These few examples aren’t sufficient, of course, to prove the existence of any Big Ideas out there. But I have several thousand other CDs of music by composers born after 1940 that would make the point.

    To John: Sorry, I get your point about the ages. The postminimalists I listed were mostly over 50, but the totalists I subsequently talked about were born between 1949 and 1961, most of them just about my age or slightly younger. Even postminimalism, though, didn’t take off as a movement until 1980 or just after. Whatever “’70s composers” are (and I’ve used the term), I can’t think of these as them.

    As for how they relate to other music: The postminimalists tend to be rather omniverous. Janice Giteck borrows from many world traditions, notably Jewish and Indonesian. Bill Duckworth’s music borrows from bluegrass, early rock ‘n’ roll keyboard, Erik Satie, Messiaen, Gregorian chant. Daniel Lentz, underneath his synthesizers and feel-good California melodies, is remarkably indebted to Renaissance counterpoint. I think of postminimalism as having about the same weight and density as Middle Baroque music, like Corelli, but with non-functional harmony. The essence of the style is that the structural basis is rhythm, not harmony, following Cage's ideas about time and the influence of his music of the 1940s. Harmony has been reduced to a coloristic role.

    The totalists tend to be more pop-music-oriented, frequently citing Led Zeppelin as an influence. In fact, the critical principle often cited in this conversation that “pop music is where the energy is” is so often invoked by composers of my own generation that it’s hardly cricket to use it against them. This is a more cantankerous and eclectic movement, harder to generalize about, but its signature is a gear-shifting feel of switching back and forth among different tempos.

    But perhaps the listening examples, which include postminimalists, totalists, and none-of-the-abovists, will make the point better than more words could.

    By Justin Davidson
    posted @ 08/02/2004 4:35 am

    A few years ago, in a stab at making some sense for readers of the swarm of composers and styles in contemporary music, I wrote a series on various recent trends: American composers born in Asia; composers whose borrowed heavily from rock and pop; improviser-composers, etc. The series was far from comprehensive. 

    What if, collectively, we tried to come up with topics for an imaginary 10-part series? Or, alternatively, a syllabus for an imaginary course: "[Classical?] Music since 1990." We could group composers into a series of themes (also known as Big Ideas) obviously there would be overlap, and some of the divisions would be fairly arbitrary, but if we think of it as organizing material for readers or students - a real-life activity that many of us actually have to do - it might be useful. I'd suggest a couple of ground rules: Since we're interested in recent developments, composers should be under 50 or else have participated in a trend that has materialized within the last 15 years.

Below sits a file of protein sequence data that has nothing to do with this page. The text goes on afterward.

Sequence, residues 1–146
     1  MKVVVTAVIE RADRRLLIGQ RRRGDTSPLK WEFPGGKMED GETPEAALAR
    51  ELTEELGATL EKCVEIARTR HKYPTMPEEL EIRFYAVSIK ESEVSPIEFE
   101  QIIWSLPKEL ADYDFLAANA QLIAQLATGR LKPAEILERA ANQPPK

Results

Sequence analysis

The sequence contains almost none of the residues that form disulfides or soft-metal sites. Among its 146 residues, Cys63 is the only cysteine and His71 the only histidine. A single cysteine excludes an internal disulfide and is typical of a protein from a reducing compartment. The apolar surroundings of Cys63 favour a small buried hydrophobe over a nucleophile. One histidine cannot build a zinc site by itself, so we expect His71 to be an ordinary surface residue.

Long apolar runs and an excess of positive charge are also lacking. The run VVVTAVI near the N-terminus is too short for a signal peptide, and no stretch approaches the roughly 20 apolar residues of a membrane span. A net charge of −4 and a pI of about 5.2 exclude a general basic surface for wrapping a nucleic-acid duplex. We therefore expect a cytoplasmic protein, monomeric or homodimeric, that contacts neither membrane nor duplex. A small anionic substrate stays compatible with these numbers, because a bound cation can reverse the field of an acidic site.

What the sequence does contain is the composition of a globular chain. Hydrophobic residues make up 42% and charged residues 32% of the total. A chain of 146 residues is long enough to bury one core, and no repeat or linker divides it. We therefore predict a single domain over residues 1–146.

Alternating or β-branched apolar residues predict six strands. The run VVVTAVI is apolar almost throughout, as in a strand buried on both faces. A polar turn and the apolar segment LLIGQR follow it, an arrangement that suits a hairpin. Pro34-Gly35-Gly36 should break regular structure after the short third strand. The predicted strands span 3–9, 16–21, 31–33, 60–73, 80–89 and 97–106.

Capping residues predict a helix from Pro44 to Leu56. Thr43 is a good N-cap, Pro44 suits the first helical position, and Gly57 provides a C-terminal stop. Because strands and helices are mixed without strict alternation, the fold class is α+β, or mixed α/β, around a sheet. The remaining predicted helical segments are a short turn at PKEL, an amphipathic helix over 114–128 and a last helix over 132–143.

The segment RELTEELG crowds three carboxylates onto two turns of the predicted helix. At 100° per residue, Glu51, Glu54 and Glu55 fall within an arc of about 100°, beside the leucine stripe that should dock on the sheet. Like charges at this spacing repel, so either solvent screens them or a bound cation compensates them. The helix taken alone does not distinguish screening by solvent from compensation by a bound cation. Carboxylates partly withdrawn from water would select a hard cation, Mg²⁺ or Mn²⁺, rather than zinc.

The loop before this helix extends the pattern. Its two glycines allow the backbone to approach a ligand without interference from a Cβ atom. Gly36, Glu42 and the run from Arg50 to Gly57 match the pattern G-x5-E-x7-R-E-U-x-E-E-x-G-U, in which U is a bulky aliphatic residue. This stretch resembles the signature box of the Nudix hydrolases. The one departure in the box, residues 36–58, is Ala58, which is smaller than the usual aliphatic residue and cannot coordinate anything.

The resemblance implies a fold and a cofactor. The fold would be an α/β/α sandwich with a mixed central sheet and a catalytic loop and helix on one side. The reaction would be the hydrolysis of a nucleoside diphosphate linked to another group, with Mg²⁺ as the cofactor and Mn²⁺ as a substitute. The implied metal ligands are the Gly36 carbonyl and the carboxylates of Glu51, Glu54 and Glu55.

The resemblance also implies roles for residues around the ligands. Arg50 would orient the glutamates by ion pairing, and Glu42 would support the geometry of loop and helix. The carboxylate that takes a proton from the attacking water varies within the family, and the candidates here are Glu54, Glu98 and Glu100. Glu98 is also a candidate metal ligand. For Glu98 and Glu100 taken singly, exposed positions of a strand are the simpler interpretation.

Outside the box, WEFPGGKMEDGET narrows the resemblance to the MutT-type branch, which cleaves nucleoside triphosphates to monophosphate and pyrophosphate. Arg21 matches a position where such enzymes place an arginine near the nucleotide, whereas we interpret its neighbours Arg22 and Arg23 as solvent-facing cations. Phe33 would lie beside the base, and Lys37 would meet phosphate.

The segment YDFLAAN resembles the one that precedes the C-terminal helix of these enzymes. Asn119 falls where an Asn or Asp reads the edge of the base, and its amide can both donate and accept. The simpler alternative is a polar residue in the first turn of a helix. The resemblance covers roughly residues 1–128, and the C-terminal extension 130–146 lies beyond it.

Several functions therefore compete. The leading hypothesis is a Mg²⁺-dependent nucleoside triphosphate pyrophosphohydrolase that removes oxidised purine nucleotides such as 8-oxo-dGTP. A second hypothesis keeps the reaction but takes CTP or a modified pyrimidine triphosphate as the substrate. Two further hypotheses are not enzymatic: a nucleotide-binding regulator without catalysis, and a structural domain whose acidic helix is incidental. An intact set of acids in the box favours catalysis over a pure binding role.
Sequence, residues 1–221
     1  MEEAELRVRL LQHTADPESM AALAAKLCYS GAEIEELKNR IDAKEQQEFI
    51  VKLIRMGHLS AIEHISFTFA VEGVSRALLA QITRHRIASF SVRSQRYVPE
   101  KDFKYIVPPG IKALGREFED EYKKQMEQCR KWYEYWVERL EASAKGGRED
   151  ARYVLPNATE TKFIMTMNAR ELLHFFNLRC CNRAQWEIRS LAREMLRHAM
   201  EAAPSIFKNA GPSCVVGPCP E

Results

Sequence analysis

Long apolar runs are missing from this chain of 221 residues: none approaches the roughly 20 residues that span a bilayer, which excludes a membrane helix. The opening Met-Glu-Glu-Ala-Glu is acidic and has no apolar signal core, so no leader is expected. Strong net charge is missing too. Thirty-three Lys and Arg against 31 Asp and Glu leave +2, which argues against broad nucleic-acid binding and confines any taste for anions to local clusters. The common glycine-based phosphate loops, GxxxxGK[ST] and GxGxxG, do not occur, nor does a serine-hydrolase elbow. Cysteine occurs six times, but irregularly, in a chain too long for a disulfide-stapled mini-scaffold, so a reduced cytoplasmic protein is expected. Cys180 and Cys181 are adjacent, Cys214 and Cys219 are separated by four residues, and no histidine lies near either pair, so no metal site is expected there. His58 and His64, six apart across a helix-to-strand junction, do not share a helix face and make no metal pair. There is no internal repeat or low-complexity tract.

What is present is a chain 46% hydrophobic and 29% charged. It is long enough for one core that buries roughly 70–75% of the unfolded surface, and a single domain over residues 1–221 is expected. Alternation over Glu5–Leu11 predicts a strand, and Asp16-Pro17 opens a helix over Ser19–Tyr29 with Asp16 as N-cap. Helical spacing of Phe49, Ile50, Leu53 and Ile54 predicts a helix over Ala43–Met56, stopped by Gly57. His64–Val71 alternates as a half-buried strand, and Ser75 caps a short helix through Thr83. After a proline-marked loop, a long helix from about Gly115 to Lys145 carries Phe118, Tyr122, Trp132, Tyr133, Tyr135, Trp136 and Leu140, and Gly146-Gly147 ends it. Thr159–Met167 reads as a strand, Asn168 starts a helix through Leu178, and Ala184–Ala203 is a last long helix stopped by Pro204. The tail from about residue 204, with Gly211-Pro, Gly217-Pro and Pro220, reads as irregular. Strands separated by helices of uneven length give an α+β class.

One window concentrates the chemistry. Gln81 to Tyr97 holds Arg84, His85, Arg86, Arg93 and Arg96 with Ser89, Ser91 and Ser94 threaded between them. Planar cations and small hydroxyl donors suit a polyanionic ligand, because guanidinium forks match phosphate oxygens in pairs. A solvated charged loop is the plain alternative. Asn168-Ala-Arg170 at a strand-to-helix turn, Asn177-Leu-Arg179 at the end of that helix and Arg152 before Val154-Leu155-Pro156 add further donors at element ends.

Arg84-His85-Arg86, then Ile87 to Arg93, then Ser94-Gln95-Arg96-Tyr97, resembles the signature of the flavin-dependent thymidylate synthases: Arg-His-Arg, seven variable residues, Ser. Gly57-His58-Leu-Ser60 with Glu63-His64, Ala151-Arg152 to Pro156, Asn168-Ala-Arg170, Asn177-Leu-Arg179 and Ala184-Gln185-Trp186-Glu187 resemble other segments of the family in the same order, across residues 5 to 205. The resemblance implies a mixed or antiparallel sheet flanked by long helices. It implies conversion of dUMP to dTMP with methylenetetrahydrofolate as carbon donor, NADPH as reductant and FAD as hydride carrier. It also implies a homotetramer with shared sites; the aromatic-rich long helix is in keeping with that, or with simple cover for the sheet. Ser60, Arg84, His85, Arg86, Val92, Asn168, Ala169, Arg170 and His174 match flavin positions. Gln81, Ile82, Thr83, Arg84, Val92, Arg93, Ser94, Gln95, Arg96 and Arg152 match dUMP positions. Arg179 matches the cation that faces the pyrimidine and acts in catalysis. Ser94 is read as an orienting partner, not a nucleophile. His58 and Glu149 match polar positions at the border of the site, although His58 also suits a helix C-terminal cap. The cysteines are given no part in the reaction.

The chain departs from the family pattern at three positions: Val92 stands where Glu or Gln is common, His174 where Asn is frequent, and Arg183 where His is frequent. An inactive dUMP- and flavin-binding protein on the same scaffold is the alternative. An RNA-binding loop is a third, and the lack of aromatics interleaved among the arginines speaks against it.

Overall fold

Perhaps when we have enough responses, Doug could assemble them into a master list, reconciling redundancies. I'd suggest the following format:

    Header [Post-neo-anti-non-modernism]

    Brief description: [A radical rejection of all previous rejections of historicism, characterized by pounding silences and the frequent combination of tubas and lutes.]

    List of 5-6 composers, with birth date, nationality and one or two significant pieces: [Englebert Tubthumper, b. 1967, South Africa. "The End of Everything," electronic environment]

    If this feels to formal and professorial, feel free to ignore it, but I have a feeling it might clarify some ideas.


Sunday, August 1
    READER: Follow the Architecture
    By Garth Trinkl
    posted @ 08/01/2004 2:30 pm
    Where do  new musical ideas come from?...  I remember attending a wonderful temporary exhibition, about eight years ago, at the old San Francisco De Young Art Museum, in Golden Gate Park, which featured old and rare Anatolian and Persian kilims from the private collection of a visionary Berkeley-based architect/architectural theorist.  I recall that... read more

    READER: How Do Ideas Get Big?
    By Arthur J. Sabatini
    posted @ 08/01/2004 2:28 pm

    My apologies if these points have been discussed. If so, just refer back to the letters... Here are several questions: I think that among of the implicit questions "high art" poses to popular, even folk cultural art forms, musical and otherwise, with regard to Big Ideas, are: - What does it take, formally, to address a Big Idea?... read more